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My take on GruberGate is straightforward – perhaps boringly so.

Obamacare’s chief academic architect, Jonathan Gruber, is caught on camera admitting frankly, and without remorse, that important parts of Obamacare were sold to the public under false pretenses.  Gruber does express regret that voters are afflicted with too much “stupidity” to enable them to see that such legislation is (or so believes Gruber) in their best interest.  But given this regrettable reality of the political process, deception is in order.  Deception and lies and duplicity are proper.

I’m prepared to accept David Friedman’s explanation that, had Gruber spoken with more care, Gruber would have described voters as being “rationally ignorant” rather than as being afflicted with “stupidity.”  (There’s a difference between stupidity and rational ignorance: Albert Einstein likely did not know all of the rules of American football, but this fact is no evidence of any stupidity on his part.  Rather, it is merely the consequence of the reality that it didn’t pay Einstein to spend sufficient time to learn the rules of that game.  Other uses of his scarce time were more valuable to him personally.  So the emphatically unstupid Einstein was rationally ignorant of the rules of American football.)  Precisely because the typical voter is not stupid, the typical voter understands that his or her vote will not determine the outcome of any election.  The typical voter, therefore, spends his or her scarce time gathering information about matters over which he or she does exercise meaningful control – for example, studying for the calculus exam to increase the chances of scoring a higher grade, or writing sonnets to a beloved other to increase the chances of scoring – rather than about matters (the outcomes of political elections) over which he or she exercises no meaningful control whatsoever.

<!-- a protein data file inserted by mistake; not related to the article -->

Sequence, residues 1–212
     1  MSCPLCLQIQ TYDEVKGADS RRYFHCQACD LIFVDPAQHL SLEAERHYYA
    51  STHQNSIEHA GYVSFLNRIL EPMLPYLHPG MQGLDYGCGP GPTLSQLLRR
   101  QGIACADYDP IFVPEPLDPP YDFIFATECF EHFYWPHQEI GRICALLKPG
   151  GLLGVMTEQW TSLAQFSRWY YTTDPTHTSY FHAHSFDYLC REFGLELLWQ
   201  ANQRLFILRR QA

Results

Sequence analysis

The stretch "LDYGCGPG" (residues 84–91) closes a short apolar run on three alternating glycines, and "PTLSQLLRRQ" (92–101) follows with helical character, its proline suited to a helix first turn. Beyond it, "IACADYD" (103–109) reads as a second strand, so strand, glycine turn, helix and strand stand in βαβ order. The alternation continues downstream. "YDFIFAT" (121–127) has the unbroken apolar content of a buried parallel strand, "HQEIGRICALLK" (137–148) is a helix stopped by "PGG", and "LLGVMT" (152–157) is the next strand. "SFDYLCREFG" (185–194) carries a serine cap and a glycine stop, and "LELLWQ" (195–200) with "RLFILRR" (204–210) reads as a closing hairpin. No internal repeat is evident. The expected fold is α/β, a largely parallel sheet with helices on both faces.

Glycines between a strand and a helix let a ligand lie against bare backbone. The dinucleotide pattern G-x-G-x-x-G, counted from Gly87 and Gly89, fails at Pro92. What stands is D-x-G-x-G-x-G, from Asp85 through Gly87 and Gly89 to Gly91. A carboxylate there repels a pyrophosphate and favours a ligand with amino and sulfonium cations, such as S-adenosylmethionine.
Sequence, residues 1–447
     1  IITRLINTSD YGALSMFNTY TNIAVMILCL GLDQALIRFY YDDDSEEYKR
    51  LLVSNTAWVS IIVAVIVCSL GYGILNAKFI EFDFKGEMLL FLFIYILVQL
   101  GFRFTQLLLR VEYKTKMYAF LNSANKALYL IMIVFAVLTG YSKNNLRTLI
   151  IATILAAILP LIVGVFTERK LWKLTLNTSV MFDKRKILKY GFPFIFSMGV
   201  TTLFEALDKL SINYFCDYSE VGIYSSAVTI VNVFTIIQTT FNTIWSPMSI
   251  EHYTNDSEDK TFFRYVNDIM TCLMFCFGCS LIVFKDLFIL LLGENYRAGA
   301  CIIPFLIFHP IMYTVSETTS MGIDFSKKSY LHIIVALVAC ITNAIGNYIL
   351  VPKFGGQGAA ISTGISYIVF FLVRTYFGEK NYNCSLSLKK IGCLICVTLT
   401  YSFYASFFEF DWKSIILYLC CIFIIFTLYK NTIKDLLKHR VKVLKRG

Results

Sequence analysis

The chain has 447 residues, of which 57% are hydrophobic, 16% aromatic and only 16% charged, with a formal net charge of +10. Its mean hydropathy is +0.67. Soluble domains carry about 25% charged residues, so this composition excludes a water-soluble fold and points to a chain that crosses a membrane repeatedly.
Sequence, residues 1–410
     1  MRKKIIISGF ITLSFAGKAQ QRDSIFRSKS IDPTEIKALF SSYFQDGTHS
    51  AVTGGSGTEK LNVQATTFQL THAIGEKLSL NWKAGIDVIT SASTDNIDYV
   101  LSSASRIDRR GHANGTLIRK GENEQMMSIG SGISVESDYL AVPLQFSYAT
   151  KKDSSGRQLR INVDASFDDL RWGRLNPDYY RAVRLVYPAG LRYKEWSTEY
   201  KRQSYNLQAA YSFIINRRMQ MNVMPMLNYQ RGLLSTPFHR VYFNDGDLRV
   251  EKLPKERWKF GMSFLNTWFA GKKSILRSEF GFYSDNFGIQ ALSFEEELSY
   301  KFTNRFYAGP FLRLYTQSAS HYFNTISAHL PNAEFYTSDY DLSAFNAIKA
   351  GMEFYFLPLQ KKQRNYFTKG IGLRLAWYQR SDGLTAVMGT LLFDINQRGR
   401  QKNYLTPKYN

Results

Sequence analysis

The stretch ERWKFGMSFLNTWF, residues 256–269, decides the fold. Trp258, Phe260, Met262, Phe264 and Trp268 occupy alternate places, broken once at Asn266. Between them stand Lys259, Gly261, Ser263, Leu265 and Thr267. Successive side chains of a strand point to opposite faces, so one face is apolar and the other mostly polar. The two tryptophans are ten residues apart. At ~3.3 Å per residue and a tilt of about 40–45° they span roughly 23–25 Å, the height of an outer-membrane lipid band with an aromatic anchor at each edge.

Yet the reality of voters’ rational ignorance is one of the chief reasons why public-choice scholars argue that political choices are often less prudent and less sensible than are choices made by people in private markets – and why special-interest groups have a much greater chance of co-opting political processes than they have of co-opting market processes.

Put differently, the reality of public choice is among the main reasons given by public-choice scholars for why political outcomes will often be less desirable than they are imagined to be by those who are enthusiastic about democratic politics.  Even democratic political processes that are inclusive and non-corrupt feature inordinate amounts of free-riding and other ‘market-failure’ flaws that render such processes much less likely to work to promote the general welfare than the champions of politics suppose.  Politics neither performs miracles nor is itself blessed by miracles.

So Jonathan Gruber simply admits that the very process that people on the left romanticize and celebrate – democratic politics – isn’t what it’s cracked up to be.  Of course, libertarians and public-choice scholars say the same.  The difference between the Jonathan Grubers of the world and the Russ Robertses and Bryan Caplans of the world is that the former believe that politics is still commendable as long as good, smart people (such as Gruber) are performing deceptions necessary to trick voters into supporting policies that good, smart people somehow divine are best for the masses, while the latter believe that the very need to deceive rationally ignorant (indeed, rationally irrational) voters is itself a major flaw in politics – a flaw that makes politics far less reliable and admirable than competitive, private markets.